Here’s everything you need to know to watch the Lobov vs. Knight rematch.
Artem Lobov vs. Jason Knight II in BKFC 9
- When: Saturday, Nov. 16 at 9pm ET
- Where: Mississippi Coast Convention Center in Biloxi, Mississippi
- Streaming: Fite TV and other PPV outlets
- Cost: $29.99
How to watch Artem Lobov vs. Jason Knight
BKFC is a 20-month-old venture that is basically boxing without the boxing gloves fought in a circular ring. But thanks to well-known boxers like Malignaggi—who fought (and lost) a bare-knuckle fight in June—and mixed martial artists like Lobov and “Bigfoot” Silva, the organization is beginning to get more mainstream recognition.
Since this is a PPV, there’s no legal way to get around the $30 fee to watch the Lobov vs. Knight rematch. But there are plenty of ways to stream it. You can order it on Fite TV (you can sign up here) or via bareknuckle.tv. Fite TV is available on services like Roku, Apple TV, Amazon Fire Stick, PlayStation 4, Xbox One, Android and iOS devices, desktop and laptop computers, and smart TVs.
It’s also available on traditional TV PPV via cable companies like DirecTV, Dish, Xfinity, Spectrum, and Cox.
If you’re looking for some free content, you’re in luck. Some of the undercard matches will be streamed for free on Fite TV and the BKFC YouTube page beginning at 8pm ET.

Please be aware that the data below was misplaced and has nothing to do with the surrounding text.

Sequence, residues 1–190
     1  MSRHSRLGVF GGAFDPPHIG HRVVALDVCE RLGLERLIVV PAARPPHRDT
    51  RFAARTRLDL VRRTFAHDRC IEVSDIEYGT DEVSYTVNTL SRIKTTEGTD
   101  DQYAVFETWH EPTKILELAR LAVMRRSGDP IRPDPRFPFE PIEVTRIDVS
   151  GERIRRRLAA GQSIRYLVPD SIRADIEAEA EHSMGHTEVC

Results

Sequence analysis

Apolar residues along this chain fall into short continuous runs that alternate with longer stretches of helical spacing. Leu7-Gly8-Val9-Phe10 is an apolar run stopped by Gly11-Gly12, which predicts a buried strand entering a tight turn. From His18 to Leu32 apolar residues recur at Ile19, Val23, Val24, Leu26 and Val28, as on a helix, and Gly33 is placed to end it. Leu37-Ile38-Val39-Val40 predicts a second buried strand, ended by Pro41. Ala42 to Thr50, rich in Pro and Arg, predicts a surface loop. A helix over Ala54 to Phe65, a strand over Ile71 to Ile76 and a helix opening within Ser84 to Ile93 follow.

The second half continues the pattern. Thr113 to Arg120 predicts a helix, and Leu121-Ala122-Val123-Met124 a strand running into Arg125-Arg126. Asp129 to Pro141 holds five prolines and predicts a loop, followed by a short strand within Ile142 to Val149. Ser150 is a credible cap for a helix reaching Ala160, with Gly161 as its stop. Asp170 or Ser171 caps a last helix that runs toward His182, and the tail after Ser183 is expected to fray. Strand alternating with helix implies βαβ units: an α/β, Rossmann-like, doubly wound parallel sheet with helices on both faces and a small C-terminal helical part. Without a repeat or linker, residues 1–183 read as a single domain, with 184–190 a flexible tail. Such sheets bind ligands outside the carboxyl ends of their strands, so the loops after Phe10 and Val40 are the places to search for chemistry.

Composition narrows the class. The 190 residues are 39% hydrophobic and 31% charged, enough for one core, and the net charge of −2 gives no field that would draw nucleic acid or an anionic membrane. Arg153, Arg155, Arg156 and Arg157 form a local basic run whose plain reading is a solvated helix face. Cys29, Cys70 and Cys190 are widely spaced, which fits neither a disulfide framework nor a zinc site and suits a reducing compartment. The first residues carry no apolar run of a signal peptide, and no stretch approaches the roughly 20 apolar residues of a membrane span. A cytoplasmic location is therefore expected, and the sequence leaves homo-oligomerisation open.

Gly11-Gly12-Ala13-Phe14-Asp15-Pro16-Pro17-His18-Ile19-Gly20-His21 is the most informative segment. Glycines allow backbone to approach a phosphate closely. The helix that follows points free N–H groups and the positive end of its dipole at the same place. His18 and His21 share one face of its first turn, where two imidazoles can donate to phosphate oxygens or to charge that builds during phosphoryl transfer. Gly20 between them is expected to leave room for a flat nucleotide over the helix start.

Artem Lobov vs. Jason Knight live stream schedule
- Artem Lobov vs. Jason Knight
- Joey Beltran vs. Chase Sherman
- Johnny Bedford vs. Charles Bennett
- Helen Peralta vs. Maia Kahunaele
- Harris Stephenson vs. Kenny Licea
- Kaleb Harris vs. Jeff Chiffens
- Adam Pellerano vs. Joe Pegg
- Chris Sarro vs. John McAllister
- Wes Combs vs. Adrian Miles
For a year-round sports fix, sign up here and check the “sports” box to receive our weekly boxing newsletter. You’ll hear about all the biggest fights and best knockouts from the Daily Dot’s streaming sports guru Josh Katzowitz.
The Daily Dot may receive a payment in connection with purchases of products or services featured in this article. Click here to learn more.
Josh Rosenblatt is the author of "Why We Fight," published by Ecco, and the former founding editor of Fightland. He lives in Brooklyn, New York.